Ascent of The Matterhorn

Course Overview

Normally we guide the mountain by the Hornli Ridge on a private basis with one person. Also we prefer to have spent some time beforehand with those involved on training routes in order to acclimatise and ensure that rope techniques are understood. To this end it is recommend at least six or seven days together in the Alps, with an attempt on the peak towards the end of that period. It is also helpful but not essential for people to visit us in Scotland for a scrambling/climbing course in either/or winter/summer. In order to attempt the peak, previous experience of simple rock climbing to ‘Difficult’ standard and scrambling on long mountain routes is essential, plus skills in using crampons and ice axe on ‘mixed ground’.

The best time for an attempt on the Matterhorn is during July to early September, as this allows time for the winter/spring snows to clear properly. However, a cold summer storm will deposit snow on the peak and then it will become less possible to climb. Two people can be accommodated for the training days prior to the ascent, when an extra guide is bought in.This allows the cost to be reduced per person. If clients can arrive fit and acclimatised it will be possible to attempt the peak over two days on a 1:1 basis.

If poor weather overtakes an attempt, alternative peaks will be offered. No refund can be made if the peak is not climbed due to poor weather.

Please remember that personal and guides hut fees and cable car costs must be added to the daily guiding rate. Hut costs in 2010 are expected to be £40 per night, whilst cable cars vary between £10.00-£40.00

Bookings for the Alps are often full by early in the New Year, and an early decision is required to secure a Guide.

Course Details

Costs: £300 per day (see summary below)

Ratio: 1:1 on the climb 1:2 for training


By arrangement (June to September)

Kit Requirements

Alps Kit List


For the Alps it is essential to have a warm and stiff soled boot. The warmth of the boot is important on high snowy peaks. Boots can be hired, but it is better to arrive with your own well broken-in footwear, in order to avoid problems. They must not be smooth soled or very flexible. Go for a B2 for general alpinism or B3 if you intend climbing more technical routes. Lightweight fabric boots are not recommended.


These should be ten or twelve pointers with front points. They should fit the boots you will be wearing! Rigid C3 crampons 'ball up' badly and are not recommended for that reason. Completely stiff crampons are not good for long treks. C2 Petzl-Charlet mixed points with toe straps and heel
' cup' are good, as are Grivel G10. Heel 'cups' tend to be more sure-fitting than heel clips on some boots. Carry your crampons in a bag, rubber nipple crampon covers are very fiddly and time consuming. Please have anti-balling plates fitted to your crampons. A C1 crampon with straps all round can be used on stiffer boots.

ice axe

Alpine axes should be around 60/70cms in length. Shorter tools are needed if steep climbing is envisaged.

Essential. Adjustable leg loops are preferred for ease of fitting. The Black Diamond 'Bod' is good.


Essential. Adjustable leg loops are preferred for ease of fitting. The Black Diamond 'Bod' is good.

Waterproof Jacket and Trousers
The trousers should have a full length leg zip for ease of fitting over boots and crampons. Lightweight waterproofs are often better in the Alps as they spend most of the time in your rucsac.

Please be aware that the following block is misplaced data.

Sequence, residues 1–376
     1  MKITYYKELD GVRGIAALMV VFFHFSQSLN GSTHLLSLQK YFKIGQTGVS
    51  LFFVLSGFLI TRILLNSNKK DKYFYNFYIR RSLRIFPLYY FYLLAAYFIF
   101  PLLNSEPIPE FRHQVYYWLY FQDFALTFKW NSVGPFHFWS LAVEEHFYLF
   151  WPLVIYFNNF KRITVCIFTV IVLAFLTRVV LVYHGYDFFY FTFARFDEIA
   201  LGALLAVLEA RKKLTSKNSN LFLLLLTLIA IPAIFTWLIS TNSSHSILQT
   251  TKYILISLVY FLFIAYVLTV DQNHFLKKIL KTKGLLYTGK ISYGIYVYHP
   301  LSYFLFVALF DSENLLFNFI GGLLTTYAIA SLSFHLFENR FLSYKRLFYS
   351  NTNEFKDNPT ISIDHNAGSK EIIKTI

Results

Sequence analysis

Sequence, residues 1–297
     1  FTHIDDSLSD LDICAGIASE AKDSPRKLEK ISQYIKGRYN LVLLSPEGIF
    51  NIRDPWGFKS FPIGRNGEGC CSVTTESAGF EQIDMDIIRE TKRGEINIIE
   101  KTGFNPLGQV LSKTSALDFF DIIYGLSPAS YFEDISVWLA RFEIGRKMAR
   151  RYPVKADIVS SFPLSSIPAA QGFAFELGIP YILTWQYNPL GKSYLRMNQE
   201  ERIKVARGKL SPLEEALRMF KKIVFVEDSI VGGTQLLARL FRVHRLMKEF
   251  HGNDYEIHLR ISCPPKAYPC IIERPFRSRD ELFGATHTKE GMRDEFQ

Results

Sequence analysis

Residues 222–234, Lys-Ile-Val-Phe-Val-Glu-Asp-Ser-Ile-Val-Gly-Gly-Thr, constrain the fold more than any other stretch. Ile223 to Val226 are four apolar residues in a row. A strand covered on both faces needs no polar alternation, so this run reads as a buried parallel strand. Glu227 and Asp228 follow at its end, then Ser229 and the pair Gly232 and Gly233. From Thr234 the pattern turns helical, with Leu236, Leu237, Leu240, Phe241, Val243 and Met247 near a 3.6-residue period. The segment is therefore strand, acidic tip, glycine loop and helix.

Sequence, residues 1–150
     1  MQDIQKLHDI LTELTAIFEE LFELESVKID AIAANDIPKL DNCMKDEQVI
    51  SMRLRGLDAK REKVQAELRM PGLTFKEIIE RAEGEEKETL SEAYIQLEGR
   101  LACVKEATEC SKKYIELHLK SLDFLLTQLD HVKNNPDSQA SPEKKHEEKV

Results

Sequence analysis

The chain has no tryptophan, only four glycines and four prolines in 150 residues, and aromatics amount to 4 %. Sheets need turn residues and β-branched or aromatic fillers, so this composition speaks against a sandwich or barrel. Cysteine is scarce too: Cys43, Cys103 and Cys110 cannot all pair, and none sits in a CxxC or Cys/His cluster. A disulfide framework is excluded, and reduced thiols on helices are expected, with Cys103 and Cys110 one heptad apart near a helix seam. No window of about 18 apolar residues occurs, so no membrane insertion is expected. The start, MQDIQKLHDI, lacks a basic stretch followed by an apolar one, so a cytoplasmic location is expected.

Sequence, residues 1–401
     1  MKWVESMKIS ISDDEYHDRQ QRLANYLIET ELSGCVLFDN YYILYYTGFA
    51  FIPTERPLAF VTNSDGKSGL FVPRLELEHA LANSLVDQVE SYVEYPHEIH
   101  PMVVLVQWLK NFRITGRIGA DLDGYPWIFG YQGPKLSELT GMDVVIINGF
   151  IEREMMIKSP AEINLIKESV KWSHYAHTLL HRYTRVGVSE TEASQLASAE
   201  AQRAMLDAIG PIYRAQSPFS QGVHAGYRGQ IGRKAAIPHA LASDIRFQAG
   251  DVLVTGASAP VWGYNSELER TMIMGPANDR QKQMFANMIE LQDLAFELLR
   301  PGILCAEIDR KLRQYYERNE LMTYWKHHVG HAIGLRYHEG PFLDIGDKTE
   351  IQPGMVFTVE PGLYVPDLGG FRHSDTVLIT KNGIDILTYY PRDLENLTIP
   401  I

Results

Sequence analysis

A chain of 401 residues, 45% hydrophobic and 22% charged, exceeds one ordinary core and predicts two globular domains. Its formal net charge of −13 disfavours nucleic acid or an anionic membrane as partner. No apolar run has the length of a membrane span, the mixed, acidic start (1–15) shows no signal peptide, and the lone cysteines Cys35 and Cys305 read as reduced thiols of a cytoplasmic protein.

A lightweight pair of gaiters (not Yeti's) are essential at times.


A medium volume sac of 45/55 litres is best. Plastic bag liners are useful. Buy a rucsac without too many complicated straps and buckles. Large hip supports often hinder harness fitting and add to the weight, as do internal metal stiffeners.


Should be of lightweight layers. Extremes of temperature will be experienced and a flexible system is essential. Warm mitts and hat are essential, as are sun-shade hat, trainers and shorts. Jackets should have accessible pouch pockets for carrying items needed quickly (sunglasses, sweeties, small camera, sun cream, etc.). Shirts should have a high collar to protect your neck from the sun, T-shirts are poor in this respect.

Bivvy Bag

Bivvy Bag
A large person sized plastic survival bag (500gauge) is the minimum requirement.

First Aid Kit

First Aid Kit
A small personal pack including medication for blisters, headaches, stomach upsets, sunburn plus any personal drugs. For people on special drug treatments please bring spares and/or a list of their brand names/contents. Total sun block cream for glacier travel. Lip salve. Small tube of skin cream. Ear plugs for a quiet nights sleep in huts if other people are snoring!

Good Quality Sun-glasses
Best with side covers for glacier travel. Please check with an optician.

Compass and Map

Compass and Map
Maps are best bought on arrival but can be found in Britain, check beforehand.

Guide Books
Try 'The Alpine 4000m Peaks' by Richard Goedeke (Diadem). Recommended

Prussik Loops
Bring four metres of 6mm line (softish kernmantel) to be made into loops on arrival.

Long Tape Slings

Two @ 120cm and Screwgate Karabiners (three).


Essential to carry a litre.

Light Sleeping Bag
For camping, bunkhouses and possible planned bivouacs.Not for alpine huts. A light silk sleeping bag liner can add to your comfort considerably.

Telescopic Ski Poles (three part)
Very useful for taking the weight off your lower body in descent, boosting you up hill and general balance. Recommended but not essential.

Rock Boots

Rock Boots
Useful for valley climbing, during bad weather conditions at altitude.

Other items
- Form E111 (DSS)
- Passport
- Alpine Club Card
- Insurance